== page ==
Deloitte: Anti-money laundering (AML) state in South Asia
While more than 80% believe themselves to be compliant with anti-money laundering (AML) standards, most banks and financial institutions in South Asia find the growing complexity of the compliance landscape to be somewhat overwhelming.
Deloitte drew more than 120 responses from leading banks and financial institutions across India, Sri Lanka and Bangladesh to gauge their capacity to deal with the growing menace of money laundering. As pointed out in the report, anywhere between 2% and 5% of the global GDP is laundered every year, amounting to $800 billion at the very least and $2 trillion at most.
Add to this the fact that the digitalisation of finance – spanning payments, investments and banking procedures – has opened a whole set of new avenues to dodge regulations, making life tougher for banks and financial institutions that are obligated to mitigate money laundering. As explained by partner at Deloitte’s Forensic practice KV Karthik, the expectation now is “if you could have known, then you should have known.”
For many in the financial sector, every effort is being made for compliance. Indeed, more than 80% of respondents to the Deloitte report indicate that their financial crimes prevention framework is compliant with regulatory requirements and expectations. That being said, most feel that staying compliant is becoming an increasingly mounting challenge.
Money laundering is always a looming threat. However, the majority of banks and financial institutions report that the biggest challenge to AML compliance is meeting the droves of new regulatory conditions that are emerging. For one, organisations simply lack the capacity to deal with this volume of regulation.
Examining the AML landscape in Asia back in 2018, Alvarez & Marsal’s Director for AML and Counter Terrorism Finance in Asia placed human capital at the centre of managing the complex money laundering minefield. According to Deloitte’s report, well over half of all banks and financials in Asia report a shortage of adequately trained AML professionals, signaling a key gap in compliance frameworks in the region.
What makes this scenario even more complex is that the regulatory requirements vary across jurisdictions. In an age of hyper interconnectedness, banks can assume that their customers will be engaged across several jurisdictions, putting the unique regulatory requirement of each area on their ever expanding mandate.
One solution to this scenario is investing in regulation technology (RegTech), which sifts through large volumes of data to identify anomalies. Not everyone has access to the latest in RegTech, however, and the lack of sufficient technology in itself is among the biggest challenge for many players in the financial services industry.
Those who do manage to invest in RegTech struggle with the technology’s reliability. Artificial intelligence (AI) deployed to detect violations creates an alert at the slightest blip, throwing up a flurry of false positives. For Deloitte, this scenario of complex challenges translates into the need for strategic investments to improve compliance systems.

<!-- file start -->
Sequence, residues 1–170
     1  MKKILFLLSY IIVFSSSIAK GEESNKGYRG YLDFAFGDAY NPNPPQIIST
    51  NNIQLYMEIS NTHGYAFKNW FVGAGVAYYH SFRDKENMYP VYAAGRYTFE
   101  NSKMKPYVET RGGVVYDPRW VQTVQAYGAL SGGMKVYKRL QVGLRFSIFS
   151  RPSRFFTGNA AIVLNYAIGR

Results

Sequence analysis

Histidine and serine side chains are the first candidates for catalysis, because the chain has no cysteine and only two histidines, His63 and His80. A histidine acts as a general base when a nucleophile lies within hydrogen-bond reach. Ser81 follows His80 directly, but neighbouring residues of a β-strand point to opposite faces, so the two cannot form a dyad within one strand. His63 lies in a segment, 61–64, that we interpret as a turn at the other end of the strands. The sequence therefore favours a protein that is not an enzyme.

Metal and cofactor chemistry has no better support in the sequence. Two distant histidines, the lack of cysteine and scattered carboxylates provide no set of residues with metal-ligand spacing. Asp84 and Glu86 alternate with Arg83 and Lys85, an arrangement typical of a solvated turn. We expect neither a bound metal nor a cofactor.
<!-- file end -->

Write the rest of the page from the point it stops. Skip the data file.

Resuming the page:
Karthik pointed out that a more customer focused due diligence is among the chief requirements going forth. “Such an approach that provides a comprehensive view of customers and transactions can make it difficult for criminals to exploit gaps between business systems, databases and countries,” he said.
Respondents to Deloitte’s survey appear to agree with this assessment, with nearly two-thirds putting customer due diligence as a key focus for AML compliance in the next two years. Efficiency and sustainability of control mechanisms are also at the top of the priority list for the next two years, while a significant chunk also plan to invest on the tech and human capital side of things. Investments and AI and AML training, more specifically, are on the agenda.
Other areas that according to the respondents need attention are: Business risk assessment; transaction monitoring systems; threshold tuning to minimise false positives; controls testing; and implementing sanctions screening systems. In the eyes of Karthik, this signals a more comprehensive approach to AML compliance, including more effective technology in the sphere.
“Historically, AML programmes have been incident-driven with lean teams to manage response to events, or changes in regulatory developments. These have created issues pertaining to the availability and quality of data, systems working in a siloed manner, and inherent module based limitations, leading to significant reliance on manual processes to close gaps in compliance. But that is no longer adequate today,” he said.
“Regulators today expect banks to have a consolidated view of customer transactions across businesses and jurisdictions, to identify any unusual transactions and behaviours, or potential sanctions violations. The current technology frameworks may pose a challenge to doing that and banks need to take a strategic and longer term view of technology investments,” he concluded.
September 2020, published on Consultancy.asia